walk backwards towards the sound of his voice. Ms. Mitchell complied. When
Ms. Mitchell reached Officer Henikman, he patted her down and handcuffed her.
Mitchell asked why she was being handcuffed. Officer Henikman responded that she
would find out later. Officer Voss kept his shotgun pointed at Ms. Mitchell while
Henikman took her into custody.
Officer Henikman then took Ms. Mitchell to the rear of a police car and emptied
the contents of her handbag on the police car’s trunk. The officer found Ms. Mitchell’s
military identification card, but did not find any weapons. After Officer Henikman’s
search failed to produce any weapons, Ms. Mitchell requested him to remove the
handcuffs because they were hurting her wrists. Officer Voss told Henikman to leave
them on. While she was in custody, Ms. Mitchell expressed concern that the officers
were scaring her son and asked the officers what was happening, but the officers did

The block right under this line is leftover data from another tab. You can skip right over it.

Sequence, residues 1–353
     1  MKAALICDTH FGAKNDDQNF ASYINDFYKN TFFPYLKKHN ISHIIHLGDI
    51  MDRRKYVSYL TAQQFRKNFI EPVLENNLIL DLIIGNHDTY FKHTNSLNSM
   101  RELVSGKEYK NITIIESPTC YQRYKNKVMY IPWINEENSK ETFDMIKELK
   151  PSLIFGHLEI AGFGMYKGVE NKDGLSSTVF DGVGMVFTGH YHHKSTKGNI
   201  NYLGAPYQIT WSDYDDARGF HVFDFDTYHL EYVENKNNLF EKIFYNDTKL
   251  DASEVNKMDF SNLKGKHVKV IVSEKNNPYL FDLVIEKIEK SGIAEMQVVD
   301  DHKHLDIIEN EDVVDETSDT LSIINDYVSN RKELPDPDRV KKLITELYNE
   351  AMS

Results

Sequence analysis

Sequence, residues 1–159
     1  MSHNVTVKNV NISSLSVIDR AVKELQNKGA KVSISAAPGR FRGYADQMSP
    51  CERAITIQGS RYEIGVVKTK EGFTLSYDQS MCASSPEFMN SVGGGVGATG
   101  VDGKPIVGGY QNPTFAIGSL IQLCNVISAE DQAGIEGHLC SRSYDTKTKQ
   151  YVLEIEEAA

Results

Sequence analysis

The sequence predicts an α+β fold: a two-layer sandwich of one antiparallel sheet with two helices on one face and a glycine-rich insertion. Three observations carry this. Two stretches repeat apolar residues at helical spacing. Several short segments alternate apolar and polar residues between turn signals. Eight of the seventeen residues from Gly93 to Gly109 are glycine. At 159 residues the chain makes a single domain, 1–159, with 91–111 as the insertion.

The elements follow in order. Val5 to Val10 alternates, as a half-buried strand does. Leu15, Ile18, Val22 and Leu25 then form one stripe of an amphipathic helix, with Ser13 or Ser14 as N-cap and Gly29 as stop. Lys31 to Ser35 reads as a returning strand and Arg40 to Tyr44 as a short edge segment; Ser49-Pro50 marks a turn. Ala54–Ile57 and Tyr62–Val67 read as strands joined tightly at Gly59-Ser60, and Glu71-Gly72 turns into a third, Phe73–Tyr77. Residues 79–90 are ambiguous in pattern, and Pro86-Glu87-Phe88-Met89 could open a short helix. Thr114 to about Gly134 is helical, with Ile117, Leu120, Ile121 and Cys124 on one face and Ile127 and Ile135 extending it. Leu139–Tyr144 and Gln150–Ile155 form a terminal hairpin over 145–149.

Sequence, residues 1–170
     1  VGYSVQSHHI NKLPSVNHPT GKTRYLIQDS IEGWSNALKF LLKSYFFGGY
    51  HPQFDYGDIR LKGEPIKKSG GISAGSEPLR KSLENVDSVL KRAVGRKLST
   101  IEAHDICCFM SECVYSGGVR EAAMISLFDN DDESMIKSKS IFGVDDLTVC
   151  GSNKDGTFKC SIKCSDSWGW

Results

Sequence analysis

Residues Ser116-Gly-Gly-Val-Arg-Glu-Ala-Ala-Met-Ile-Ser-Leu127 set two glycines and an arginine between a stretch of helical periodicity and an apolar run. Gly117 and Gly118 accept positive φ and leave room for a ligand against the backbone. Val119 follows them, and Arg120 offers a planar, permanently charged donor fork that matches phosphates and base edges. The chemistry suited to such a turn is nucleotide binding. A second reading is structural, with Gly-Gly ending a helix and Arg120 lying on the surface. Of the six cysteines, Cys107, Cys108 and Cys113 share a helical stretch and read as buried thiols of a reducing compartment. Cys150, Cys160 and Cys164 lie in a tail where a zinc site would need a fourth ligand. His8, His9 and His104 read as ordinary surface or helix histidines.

not explain why she was being held.
Unbeknownst to Ms. Mitchell, Officers Henikman and Voss had responded to a
police dispatch broadcast at about 3:30 p.m., reporting an armed robbery at the Wells
Fargo Bank located in the Sears Mall. The police dispatch described the robbery
suspect as a heavy set black female, about five feet nine inches tall, carrying a bag, and
wearing a dark blue t-shirt, a black headband or bandana, and dark sunglasses. Ms.
Mitchell, who is an African American female, is five feet four inches tall, and was
wearing a white jogging suit with a blue shirt underneath at the time police took her into
Officers Henikman and Voss required Ms. Mitchell to stand handcuffed at the
rear of a police vehicle in full view of passing pedestrians and traffic on Benson
Boulevard for about thirty minutes. During the time she was in custody, several people
recognized Ms. Mitchell, an independent business person who runs a beauty shop.
KTUU-News also video-taped her while she was in custody outside the Sears Mall.
After about thirty minutes, a police vehicle passed in front of Ms. Mitchell. A teller